Education and the Quality of Government

Published in 2012

NBER Working Paper No. 18119

Generally speaking, better educated countries have better governments, an empirical regularity that holds in both dictatorships and democracies. We suggest that a possible reason for this fact is that educated people are more likely to complain about misconduct by government officials, so that, even when each complaint is unlikely to succeed, more frequent complaints encourage better behavior from officials. Newly assembled individual-level survey data from the World Justice Project show that, within countries, better educated people are more likely to report official misconduct. The results are confirmed using other survey data on reporting crime and corruption. Citizen complaints might thus be an operative mechanism that explains the link between education and the quality of government.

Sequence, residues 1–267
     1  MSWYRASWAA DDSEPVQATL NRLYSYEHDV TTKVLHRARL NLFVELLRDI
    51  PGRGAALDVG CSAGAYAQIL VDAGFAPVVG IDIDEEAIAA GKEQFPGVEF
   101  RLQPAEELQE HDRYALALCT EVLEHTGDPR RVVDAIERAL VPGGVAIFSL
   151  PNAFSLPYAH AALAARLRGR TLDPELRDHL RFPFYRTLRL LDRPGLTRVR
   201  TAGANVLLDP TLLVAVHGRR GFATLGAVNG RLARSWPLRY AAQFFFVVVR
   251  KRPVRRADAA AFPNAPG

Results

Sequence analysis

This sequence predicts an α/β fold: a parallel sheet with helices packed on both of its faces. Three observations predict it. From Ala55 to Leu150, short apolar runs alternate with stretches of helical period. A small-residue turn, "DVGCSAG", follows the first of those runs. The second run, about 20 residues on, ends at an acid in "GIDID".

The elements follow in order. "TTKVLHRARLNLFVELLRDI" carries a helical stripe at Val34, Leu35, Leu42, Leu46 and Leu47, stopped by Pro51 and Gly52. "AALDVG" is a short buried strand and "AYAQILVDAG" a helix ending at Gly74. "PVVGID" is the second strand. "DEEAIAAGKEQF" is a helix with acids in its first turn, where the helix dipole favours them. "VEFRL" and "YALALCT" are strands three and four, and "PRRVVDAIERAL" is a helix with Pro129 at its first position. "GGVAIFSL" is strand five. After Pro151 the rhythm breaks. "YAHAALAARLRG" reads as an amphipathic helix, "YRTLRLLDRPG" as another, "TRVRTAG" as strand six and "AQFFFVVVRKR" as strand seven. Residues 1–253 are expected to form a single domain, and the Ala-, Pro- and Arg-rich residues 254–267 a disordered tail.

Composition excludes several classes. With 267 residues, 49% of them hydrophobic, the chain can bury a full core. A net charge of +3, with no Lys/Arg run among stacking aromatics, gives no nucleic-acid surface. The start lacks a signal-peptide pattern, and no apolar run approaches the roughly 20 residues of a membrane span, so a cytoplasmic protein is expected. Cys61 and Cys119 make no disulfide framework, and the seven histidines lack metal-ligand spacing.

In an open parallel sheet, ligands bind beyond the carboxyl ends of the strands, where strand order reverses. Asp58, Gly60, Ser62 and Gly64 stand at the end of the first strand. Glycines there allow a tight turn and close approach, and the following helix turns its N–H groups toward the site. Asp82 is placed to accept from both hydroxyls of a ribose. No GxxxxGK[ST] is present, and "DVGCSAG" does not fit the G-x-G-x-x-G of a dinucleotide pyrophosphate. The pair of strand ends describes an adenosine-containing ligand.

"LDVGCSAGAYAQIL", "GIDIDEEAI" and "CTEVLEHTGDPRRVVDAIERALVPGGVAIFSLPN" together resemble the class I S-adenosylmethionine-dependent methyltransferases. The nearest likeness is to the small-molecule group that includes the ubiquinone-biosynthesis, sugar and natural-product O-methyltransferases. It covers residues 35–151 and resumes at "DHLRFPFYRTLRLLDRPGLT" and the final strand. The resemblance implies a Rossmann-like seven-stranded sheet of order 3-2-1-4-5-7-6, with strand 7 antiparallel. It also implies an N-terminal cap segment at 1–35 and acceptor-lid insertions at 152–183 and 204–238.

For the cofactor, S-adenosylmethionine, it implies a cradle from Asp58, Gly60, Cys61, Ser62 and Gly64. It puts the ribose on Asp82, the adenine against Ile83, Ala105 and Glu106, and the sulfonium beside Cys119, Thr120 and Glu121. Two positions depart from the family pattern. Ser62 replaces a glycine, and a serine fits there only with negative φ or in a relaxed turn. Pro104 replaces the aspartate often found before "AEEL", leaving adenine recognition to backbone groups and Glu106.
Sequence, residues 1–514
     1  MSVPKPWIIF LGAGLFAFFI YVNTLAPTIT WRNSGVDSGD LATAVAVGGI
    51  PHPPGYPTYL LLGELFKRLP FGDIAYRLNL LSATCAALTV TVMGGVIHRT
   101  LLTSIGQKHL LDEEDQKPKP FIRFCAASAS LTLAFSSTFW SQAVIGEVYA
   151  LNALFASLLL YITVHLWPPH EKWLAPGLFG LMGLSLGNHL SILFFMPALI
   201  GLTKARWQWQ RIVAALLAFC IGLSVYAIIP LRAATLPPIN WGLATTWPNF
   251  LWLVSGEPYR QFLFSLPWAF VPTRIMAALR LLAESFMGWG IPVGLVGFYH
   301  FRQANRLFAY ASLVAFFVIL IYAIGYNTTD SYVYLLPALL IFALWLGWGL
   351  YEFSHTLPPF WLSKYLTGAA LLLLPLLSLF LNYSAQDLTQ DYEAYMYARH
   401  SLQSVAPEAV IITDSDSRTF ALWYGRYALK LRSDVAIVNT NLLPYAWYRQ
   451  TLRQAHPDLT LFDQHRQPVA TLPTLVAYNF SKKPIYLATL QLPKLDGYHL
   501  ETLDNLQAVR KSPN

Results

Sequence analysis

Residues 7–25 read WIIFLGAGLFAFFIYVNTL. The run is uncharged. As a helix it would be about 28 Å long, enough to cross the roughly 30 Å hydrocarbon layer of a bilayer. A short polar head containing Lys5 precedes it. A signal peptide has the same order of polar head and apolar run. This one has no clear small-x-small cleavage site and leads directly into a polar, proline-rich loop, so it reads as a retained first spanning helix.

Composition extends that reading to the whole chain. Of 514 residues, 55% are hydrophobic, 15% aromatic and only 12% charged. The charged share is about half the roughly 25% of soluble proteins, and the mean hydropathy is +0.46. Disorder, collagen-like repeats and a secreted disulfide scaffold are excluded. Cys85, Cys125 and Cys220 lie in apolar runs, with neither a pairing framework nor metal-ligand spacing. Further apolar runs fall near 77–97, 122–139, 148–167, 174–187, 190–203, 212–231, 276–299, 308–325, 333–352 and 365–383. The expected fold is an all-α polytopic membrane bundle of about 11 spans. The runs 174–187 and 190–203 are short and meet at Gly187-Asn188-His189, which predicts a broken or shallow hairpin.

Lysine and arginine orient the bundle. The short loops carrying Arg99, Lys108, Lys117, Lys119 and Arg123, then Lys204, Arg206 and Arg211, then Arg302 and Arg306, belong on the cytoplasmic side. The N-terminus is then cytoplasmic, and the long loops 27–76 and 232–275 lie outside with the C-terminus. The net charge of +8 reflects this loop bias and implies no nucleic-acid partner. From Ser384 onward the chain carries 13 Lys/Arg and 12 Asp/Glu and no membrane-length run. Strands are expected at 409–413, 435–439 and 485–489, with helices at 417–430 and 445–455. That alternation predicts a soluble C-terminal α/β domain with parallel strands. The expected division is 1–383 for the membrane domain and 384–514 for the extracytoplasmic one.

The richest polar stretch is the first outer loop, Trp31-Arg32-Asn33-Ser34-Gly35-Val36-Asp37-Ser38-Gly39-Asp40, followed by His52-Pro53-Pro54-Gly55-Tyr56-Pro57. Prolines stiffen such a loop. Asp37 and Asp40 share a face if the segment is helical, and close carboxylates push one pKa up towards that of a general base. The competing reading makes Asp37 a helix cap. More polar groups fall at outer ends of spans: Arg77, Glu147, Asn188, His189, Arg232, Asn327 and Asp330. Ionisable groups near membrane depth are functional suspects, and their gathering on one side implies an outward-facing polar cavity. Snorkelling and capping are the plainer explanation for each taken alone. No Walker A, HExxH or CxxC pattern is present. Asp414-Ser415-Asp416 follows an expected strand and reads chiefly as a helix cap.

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Authors

Juan Carlos Botero, Alejandro Ponce, and Andrei Shleifer.

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